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The Darwinian Gardener fills in the blanks  RSS feed

 
duane hennon
gardener
Posts: 763
Location: western pennsylvania zone 5/a
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some friends who moved to Florida sent me this article
since it reminded them of me

http://www.news-journalonline.com/news/20170711/footnote-darwinian-gardener-fills-in-blanks

Footnote: The Darwinian Gardener fills in the blanks


The Darwinian Gardener thinks of crabgrass as a volunteer plant. A stage in his lawn’s evolution. Even slight cold stuns crabgrasses in the winter, which means in spring, nicer greenery enjoys a head start in their battle for supremacy.

In the meantime, it looks pleasantly green, and after a mowing, it looks great at a distance. And most people do keep a distance from his lawn.
 
Tj Jefferson
pollinator
Posts: 212
Location: Virginia USDA 7a/b
23
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I am in the process of converting a tiny "lawn" area a la Paul's lawn article. My wife REALLY wants a little bit of lawn, which is fine, she puts up with all sorts of my shenanigans out there.

The only downside with crabgrass is that it is quite allelopathic. I have areas that are bare as can be all winter, and I planted several varieties of perennial grasses last fall. They all came up sickly and never really thrived. In one area I took great pains to remove the root balls of the crabgrass, and they perennial grass is doing well. Probably with Paul's lawncare plan the perennial grasses would gradually work into the bare areas, but it may take a long, long time. I think the best thing for a really crabgrass-infested area might be to amend/till, plant clover and perennial grass in the fall (depending on your climate maybe early spring) and hit the reset button. The soil where the crabgrass is dominant is dirt, it is exposed for probably 7-8 months a year at least. Alternatively some straw mulch in the summer to inhibit the warming of the soil may be super, crabgrass needs pretty warm soil to germinate and grow avidly, since it is a C4 grass.

This is not an area I am spending much time but I get more questions from my friends about lawns than any other topic, by far! I consider lawns a gateway drug to permaculture...
 
Travis Johnson
pollinator
Posts: 1197
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TJ: what is your PH levels as I assumed you have not limed that area due to cost since other conversations on here have gave me that thought? I know here Smooth Bedstraw is a sure sign of low PH, where as Queen Annes Lace is a sign of low nitrogen. Just adding lime might make the fight a little less brutal.

You could reverse permiculture it too.

Crabgrass is like dandelion I think, in that secretes a toxin that kills other plants. If that is the case you will have trouble getting the good grass established. If no till makes good grass thrive, then till it until you kill the crabgrass, then sow with the good grass and douse the cover crop seed to it to discourage weed growth. That is what I do for my fields when I crop rotate them. You do have to cut the cover crop when it is in boot stage so that it does not crowd out the grass you want to grow, but adds nitrogen and gives the field/lawn a green look to boot.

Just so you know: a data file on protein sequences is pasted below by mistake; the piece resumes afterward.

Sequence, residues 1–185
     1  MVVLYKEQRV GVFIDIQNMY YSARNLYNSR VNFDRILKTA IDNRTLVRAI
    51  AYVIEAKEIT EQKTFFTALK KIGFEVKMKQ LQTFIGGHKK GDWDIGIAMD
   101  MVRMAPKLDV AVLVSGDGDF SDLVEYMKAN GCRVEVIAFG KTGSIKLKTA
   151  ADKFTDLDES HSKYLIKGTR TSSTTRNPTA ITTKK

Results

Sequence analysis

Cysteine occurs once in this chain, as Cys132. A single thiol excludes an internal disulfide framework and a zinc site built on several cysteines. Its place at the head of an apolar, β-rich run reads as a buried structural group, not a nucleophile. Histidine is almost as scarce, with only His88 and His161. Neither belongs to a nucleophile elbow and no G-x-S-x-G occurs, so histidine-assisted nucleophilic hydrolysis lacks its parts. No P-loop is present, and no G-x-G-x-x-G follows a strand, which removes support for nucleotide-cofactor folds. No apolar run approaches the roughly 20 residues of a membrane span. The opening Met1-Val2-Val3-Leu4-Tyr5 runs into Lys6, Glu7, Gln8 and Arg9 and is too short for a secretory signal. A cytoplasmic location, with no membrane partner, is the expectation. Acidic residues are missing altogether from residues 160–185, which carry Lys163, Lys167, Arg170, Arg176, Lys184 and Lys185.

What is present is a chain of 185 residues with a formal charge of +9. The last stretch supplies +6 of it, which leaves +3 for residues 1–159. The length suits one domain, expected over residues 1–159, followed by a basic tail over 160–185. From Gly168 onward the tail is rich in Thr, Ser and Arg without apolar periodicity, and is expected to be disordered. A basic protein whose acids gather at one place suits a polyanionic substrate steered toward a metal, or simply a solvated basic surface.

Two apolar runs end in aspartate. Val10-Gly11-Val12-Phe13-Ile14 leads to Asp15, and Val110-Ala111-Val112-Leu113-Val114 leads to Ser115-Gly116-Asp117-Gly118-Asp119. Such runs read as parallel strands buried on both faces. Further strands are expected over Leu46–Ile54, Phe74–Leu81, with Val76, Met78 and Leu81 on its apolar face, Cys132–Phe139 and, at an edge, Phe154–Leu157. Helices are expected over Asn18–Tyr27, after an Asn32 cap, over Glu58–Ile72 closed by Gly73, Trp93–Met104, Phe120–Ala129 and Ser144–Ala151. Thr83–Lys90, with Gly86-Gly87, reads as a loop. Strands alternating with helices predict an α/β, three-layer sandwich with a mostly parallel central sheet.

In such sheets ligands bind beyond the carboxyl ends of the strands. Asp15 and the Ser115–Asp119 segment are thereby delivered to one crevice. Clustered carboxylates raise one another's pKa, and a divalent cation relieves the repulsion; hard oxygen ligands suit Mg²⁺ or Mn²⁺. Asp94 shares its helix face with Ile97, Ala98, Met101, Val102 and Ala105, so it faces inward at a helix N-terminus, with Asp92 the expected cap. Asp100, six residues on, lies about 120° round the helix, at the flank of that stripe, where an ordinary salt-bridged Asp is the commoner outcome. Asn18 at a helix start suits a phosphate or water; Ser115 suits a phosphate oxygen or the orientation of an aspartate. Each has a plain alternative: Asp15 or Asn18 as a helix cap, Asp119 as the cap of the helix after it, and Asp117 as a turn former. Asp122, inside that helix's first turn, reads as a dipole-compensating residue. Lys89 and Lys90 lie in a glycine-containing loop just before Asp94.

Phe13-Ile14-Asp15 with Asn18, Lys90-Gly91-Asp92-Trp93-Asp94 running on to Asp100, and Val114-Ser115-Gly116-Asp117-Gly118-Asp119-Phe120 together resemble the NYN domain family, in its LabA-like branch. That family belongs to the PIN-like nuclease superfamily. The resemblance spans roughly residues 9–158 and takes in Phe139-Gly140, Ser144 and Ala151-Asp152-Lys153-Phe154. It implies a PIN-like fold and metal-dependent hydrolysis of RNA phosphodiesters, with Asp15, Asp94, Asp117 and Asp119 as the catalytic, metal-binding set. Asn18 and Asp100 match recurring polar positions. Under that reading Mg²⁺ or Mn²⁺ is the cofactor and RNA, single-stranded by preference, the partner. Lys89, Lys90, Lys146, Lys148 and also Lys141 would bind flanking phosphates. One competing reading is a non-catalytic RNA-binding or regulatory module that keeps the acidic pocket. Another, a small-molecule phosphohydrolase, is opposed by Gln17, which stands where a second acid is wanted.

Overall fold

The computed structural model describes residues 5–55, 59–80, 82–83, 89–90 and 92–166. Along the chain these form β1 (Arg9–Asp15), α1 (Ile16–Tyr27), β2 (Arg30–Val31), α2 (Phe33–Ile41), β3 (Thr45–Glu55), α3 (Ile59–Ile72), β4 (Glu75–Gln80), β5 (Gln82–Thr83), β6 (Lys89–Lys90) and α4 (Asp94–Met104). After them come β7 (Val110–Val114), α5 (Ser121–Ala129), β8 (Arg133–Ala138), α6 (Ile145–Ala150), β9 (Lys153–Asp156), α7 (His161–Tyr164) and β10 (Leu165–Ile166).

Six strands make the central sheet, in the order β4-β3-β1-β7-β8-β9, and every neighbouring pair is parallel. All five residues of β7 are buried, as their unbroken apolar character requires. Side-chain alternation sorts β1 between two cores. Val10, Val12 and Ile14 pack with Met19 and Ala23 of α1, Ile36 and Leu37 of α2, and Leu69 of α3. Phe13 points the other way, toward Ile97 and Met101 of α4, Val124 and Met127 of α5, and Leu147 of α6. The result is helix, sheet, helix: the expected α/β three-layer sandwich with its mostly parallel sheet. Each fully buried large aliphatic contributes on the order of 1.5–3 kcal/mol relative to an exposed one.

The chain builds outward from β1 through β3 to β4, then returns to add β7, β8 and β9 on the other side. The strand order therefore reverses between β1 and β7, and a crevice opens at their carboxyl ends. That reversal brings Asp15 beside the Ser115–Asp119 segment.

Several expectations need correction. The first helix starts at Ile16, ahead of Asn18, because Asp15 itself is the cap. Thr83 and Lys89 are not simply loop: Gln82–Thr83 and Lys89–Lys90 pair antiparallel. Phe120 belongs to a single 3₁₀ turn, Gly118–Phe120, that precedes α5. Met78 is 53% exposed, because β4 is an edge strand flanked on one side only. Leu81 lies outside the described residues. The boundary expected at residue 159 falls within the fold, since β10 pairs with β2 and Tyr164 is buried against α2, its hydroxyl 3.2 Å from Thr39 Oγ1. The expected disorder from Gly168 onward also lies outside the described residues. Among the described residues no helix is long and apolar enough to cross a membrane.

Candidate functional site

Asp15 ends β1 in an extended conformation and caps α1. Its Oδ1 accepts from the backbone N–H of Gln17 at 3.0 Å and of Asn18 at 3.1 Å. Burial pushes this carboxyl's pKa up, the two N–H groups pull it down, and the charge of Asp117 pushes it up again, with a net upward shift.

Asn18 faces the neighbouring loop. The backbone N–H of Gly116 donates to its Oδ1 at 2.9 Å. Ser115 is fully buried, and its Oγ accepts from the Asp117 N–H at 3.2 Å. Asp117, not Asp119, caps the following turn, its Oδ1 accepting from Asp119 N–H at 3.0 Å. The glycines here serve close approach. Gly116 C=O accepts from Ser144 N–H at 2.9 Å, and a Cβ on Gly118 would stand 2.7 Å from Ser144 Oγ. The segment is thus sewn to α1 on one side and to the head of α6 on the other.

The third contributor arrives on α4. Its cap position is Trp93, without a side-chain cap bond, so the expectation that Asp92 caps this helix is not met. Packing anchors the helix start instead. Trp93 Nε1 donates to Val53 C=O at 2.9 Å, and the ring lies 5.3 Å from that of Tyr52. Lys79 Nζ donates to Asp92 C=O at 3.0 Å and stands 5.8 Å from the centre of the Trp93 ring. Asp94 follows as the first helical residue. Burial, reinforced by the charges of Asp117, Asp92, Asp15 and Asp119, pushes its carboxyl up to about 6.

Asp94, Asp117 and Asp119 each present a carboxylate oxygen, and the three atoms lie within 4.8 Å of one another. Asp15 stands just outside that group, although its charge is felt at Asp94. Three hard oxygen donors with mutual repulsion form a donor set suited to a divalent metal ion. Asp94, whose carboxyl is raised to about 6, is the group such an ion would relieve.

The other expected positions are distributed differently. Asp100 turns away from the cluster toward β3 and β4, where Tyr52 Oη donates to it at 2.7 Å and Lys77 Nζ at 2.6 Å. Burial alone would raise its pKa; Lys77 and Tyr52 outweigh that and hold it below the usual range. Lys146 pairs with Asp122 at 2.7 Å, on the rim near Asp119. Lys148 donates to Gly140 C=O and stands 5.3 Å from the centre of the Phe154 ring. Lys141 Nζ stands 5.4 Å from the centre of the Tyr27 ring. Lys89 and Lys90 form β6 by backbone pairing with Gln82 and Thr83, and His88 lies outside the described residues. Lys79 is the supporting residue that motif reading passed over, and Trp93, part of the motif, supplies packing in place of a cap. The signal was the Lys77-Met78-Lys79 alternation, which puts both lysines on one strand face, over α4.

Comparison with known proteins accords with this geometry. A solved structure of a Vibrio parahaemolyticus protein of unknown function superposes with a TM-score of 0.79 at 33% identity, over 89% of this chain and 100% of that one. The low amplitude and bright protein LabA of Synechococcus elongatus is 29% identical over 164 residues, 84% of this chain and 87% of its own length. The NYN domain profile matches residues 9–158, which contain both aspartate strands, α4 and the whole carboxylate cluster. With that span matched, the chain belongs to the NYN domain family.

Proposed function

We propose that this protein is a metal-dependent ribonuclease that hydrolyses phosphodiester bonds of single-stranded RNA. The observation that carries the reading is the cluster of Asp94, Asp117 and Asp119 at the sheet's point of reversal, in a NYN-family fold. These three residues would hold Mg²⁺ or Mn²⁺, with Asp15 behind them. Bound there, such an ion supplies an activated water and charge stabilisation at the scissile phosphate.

Tj Jefferson
pollinator
Posts: 212
Location: Virginia USDA 7a/b
23
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Oh no I have limed everything this year. Acres and tons of liming. This is just about 500 SF of feminine sensibility area I have been instructed to maintain like the Joneses. I have put down about 100# dolomitic just in there. The clover grew nicely so I am sure I am in the mid-6s at least.

We have some smooth bedstraw for sure out in the fields but less this year. There is one area I think I will till this fall but I may just do the whole thing since it was really mistreated and scalped every summer, fertilized per industry standard etc. I am a bit hesitant since there is some wire grass in there and that may get ahead of everything else. Good advice on the bedstraw.
 
Travis Johnson
pollinator
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I did not know you had Smooth Bedstraw that far down, I thought it was a New England thing: my condolences. We don't have wire grass here, or at least yet!

My sheep tolerate Smooth Bedstraw as it does not bother them, chalk up another benefit to them having wool on their faces, kind of like Poison Ivy, their favorite and preferred food. If you ever want to rid an area of raspberries and poison ivy, sheep are the answer. Holy smokes, I had a patch of the latter one time and they grazed it out of existence in an hours time. Granted it was only 30 feet or so in diameter, but still a pain when it got on you. Heck even the Dr at the Emergency Room did not want to touch me; just gave me a prescription and sent me on my way!
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